The United Nations report issued in October was issued by the Intergovernmental Panel on Climate Change. The press release on the report says: “One of the key messages that comes out very strongly from this report is that we are already seeing the consequences of 1oC of global warming through more extreme weather, rising sea levels and diminishing Arctic sea ice, among other changes,” said Panmao Zhai, co-chair of IPCC Working Group I.
“Every extra bit of warming matters, especially since warming of 1.5 oC or higher increases the risk associated with long-lasting or irreversible changes, such as the loss of some ecosystems,” said Hans-Otto Pörtner, co-chair of IPCC Working Group II.
Limiting global warming would also give people and ecosystems more room to adapt and remain below relevant risk thresholds, added Pörtner. The report also examines pathways available to limit warming to 1.5oC, what it would take to achieve them and what the consequences could be.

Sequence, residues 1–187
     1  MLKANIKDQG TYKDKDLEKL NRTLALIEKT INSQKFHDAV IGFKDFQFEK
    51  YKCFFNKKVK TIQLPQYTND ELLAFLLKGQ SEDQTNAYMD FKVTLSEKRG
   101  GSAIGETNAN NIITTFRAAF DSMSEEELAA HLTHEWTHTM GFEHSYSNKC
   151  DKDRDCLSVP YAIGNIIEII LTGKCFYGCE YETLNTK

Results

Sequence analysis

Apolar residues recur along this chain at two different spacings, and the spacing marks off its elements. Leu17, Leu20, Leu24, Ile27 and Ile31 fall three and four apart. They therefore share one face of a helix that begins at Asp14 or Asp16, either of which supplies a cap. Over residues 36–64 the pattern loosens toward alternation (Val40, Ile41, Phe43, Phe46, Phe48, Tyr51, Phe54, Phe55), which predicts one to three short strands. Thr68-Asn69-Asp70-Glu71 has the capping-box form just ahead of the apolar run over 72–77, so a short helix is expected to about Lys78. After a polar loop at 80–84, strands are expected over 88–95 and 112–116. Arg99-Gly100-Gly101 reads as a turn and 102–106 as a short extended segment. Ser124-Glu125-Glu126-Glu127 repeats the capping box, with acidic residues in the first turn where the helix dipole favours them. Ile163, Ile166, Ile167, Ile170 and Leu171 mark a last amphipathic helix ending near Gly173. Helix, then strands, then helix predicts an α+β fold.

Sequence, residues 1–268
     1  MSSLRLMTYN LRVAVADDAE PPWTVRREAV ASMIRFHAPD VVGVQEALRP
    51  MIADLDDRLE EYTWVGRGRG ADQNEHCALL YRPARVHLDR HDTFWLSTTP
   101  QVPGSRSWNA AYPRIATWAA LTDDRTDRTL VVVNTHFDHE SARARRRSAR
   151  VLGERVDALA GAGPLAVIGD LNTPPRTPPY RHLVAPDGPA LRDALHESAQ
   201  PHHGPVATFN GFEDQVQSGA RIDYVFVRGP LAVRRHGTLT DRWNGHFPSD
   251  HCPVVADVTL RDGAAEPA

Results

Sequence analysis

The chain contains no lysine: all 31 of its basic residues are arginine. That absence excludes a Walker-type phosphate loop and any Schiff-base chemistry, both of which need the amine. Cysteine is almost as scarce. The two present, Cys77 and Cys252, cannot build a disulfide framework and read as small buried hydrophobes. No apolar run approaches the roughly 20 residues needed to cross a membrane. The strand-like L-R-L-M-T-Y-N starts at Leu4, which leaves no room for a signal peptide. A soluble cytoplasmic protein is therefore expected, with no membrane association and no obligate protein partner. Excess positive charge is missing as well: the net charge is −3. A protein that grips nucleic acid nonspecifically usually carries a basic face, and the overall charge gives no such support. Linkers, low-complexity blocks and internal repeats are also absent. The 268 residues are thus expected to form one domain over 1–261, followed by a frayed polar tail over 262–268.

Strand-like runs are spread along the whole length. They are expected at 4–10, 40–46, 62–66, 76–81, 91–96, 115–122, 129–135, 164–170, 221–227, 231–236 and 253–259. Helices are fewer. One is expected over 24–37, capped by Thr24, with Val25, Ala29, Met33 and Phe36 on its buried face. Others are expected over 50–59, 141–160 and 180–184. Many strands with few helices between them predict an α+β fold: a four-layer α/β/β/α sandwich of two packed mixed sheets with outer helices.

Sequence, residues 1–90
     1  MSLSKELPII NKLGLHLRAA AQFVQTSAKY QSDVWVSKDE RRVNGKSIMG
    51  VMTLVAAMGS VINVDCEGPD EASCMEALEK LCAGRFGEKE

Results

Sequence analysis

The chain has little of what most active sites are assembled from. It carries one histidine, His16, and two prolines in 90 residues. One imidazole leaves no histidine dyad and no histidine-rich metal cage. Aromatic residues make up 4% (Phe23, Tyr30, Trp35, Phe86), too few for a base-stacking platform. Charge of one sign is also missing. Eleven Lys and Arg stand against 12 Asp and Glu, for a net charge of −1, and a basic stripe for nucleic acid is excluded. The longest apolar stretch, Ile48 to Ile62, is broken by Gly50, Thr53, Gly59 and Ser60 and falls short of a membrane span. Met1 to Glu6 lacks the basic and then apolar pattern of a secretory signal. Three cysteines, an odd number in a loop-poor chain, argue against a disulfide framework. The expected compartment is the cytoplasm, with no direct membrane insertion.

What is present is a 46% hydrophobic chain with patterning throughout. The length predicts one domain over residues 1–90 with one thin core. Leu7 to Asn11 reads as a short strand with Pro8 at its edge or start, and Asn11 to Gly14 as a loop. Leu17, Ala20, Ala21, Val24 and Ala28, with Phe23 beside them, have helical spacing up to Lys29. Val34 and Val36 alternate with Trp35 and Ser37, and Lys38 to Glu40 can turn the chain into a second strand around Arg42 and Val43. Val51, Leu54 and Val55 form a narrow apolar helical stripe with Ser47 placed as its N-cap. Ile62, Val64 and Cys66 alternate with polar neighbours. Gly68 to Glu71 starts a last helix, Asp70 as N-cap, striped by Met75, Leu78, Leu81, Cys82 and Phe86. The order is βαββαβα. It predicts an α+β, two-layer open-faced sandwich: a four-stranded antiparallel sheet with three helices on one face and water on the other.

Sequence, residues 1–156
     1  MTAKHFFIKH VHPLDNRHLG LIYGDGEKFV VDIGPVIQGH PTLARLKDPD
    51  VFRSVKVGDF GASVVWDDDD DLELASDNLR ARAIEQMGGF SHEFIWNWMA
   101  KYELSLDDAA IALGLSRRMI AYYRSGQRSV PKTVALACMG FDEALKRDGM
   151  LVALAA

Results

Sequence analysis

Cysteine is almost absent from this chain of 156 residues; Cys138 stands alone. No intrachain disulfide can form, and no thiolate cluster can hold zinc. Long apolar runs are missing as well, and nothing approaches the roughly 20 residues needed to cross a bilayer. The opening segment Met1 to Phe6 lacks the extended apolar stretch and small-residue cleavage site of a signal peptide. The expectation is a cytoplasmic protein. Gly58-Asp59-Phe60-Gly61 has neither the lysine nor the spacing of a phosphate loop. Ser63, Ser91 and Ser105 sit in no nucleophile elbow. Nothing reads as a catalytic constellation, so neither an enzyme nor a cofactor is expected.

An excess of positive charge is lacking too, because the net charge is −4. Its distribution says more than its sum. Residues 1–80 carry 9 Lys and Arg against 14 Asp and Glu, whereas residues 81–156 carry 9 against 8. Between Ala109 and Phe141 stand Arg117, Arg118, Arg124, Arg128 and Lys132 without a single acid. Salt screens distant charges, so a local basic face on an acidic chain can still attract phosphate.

Two degrees centigrade might not seem like a lot, but it converts into more than 30o Fahrenheit. Another way to think about even a one-degree change in Fahrenheit is the way you feel even if you have a slight fever. Where the normal body temperature is 97 to 99oC, think about how you feel when your body temperature is even one degree above what your normal is. You feel rotten. So imagine how the coral feels if it gets overheated
This week’s United State report, although issued when most people were with their families and not paying attention, drew people to the reality of climate change. It is titled “Fourth National Climate Assessment Volume II” and written by 13 U.S. government agencies. The report is mandated by Congress, but it is the first to be issued in the Trump administration.